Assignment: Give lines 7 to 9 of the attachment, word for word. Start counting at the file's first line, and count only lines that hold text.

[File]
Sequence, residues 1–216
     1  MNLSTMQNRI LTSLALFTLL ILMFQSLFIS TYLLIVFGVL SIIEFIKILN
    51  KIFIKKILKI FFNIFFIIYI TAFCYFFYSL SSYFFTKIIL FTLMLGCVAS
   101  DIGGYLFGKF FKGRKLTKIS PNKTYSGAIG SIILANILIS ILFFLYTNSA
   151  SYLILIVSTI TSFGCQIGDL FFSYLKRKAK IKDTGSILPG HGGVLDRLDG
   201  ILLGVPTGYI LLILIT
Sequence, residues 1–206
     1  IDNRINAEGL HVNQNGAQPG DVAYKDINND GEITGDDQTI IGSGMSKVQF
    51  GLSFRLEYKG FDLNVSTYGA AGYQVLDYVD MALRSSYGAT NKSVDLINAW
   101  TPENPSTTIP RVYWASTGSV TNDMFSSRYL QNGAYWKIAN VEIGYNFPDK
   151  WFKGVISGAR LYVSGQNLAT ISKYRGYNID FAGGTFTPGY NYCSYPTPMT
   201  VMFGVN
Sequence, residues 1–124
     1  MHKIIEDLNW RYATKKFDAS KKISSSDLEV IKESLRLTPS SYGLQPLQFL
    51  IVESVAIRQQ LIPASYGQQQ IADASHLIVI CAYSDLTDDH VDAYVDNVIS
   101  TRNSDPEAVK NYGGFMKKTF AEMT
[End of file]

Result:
Sequence, residues 1–206
     1  IDNRINAEGL HVNQNGAQPG DVAYKDINND GEITGDDQTI IGSGMSKVQF
    51  GLSFRLEYKG FDLNVSTYGA AGYQVLDYVD MALRSSYGAT NKSVDLINAW